Okay, nevermind, I see what I did...after I read through it I didn't close the reference tag...I didn't realize that that could make it all disappear. That makes no sense...but, it's fixed. bob rulz 15:41, 27 August 2007 (UTC)

"Does Not Cite Sources" in Criticism Of Gameplay Section[edit]

There are over half a dozen sources cited in this section. If the person who placed the "Does Not Cite Sources" tag on that section could explain which statements are not properly cited, and how they would prefer them to be cited, then perhaps we can clean up this section. 10:02, 16 September 2007 (UTC)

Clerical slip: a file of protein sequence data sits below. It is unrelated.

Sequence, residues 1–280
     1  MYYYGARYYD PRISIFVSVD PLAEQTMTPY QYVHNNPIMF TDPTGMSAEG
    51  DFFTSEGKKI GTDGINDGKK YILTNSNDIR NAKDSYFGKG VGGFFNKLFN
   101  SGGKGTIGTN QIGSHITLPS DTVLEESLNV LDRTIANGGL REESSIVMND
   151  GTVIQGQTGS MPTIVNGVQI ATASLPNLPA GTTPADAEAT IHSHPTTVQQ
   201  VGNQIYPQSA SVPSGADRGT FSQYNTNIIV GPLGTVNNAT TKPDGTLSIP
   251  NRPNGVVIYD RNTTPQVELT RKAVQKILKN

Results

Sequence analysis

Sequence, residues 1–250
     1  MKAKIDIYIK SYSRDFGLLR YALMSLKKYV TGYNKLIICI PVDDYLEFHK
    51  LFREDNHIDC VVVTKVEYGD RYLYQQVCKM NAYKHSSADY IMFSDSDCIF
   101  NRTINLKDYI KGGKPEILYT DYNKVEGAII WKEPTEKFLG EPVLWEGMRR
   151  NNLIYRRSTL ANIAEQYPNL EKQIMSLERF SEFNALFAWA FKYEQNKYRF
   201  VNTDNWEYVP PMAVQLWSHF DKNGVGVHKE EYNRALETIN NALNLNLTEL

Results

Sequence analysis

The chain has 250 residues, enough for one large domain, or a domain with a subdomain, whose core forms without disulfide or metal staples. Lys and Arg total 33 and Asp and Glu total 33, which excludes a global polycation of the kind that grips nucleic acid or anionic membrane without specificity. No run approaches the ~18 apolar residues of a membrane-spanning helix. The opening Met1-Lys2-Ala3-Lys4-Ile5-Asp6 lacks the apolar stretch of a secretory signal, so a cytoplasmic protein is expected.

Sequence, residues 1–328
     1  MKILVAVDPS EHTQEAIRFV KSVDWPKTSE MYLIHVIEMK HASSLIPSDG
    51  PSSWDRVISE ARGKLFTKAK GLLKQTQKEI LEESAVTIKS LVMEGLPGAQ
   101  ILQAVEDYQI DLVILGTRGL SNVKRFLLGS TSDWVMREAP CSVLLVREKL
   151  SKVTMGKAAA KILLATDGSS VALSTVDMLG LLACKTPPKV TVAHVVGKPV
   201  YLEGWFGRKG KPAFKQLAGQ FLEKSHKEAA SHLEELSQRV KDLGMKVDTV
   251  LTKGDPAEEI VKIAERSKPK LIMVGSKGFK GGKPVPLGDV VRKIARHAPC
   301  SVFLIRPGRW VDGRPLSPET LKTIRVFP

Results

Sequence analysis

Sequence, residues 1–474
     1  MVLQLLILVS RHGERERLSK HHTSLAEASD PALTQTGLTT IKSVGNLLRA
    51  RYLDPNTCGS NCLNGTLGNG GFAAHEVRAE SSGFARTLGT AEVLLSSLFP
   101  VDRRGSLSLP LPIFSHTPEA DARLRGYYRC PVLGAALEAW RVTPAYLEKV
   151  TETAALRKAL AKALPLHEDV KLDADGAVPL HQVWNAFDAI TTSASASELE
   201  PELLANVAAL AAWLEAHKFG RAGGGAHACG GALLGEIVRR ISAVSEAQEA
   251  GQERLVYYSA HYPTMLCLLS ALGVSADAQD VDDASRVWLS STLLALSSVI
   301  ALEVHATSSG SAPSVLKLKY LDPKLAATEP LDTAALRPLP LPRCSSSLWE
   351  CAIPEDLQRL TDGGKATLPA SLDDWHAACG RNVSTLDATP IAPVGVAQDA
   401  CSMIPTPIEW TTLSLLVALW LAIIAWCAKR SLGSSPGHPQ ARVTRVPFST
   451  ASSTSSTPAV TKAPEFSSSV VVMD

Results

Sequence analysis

I can't remember if I was the one who added it, but I would have done if I had read the section recently.
Firstly, there are statements like 'A third common criticism'. Common? Can we have a source saying it is common? We have opinion such as 'Of course, this does take the gameplay out of the realm of strategic decision-making.' which is simply original research.
The 4th, 5th and 6th criticism para's are entirely unsourced and verging on opinion.
Overall, the section is very poorly sourced, poorly written and isn't NPOV. However, the last time I made my feelings known about this poorly sourced and original research filled article known, I was shouted down by a group of users who don't understand our policies correctly, so I don't hold my breath in getting these things fixed.-Localzuk(talk) 10:26, 16 September 2007 (UTC)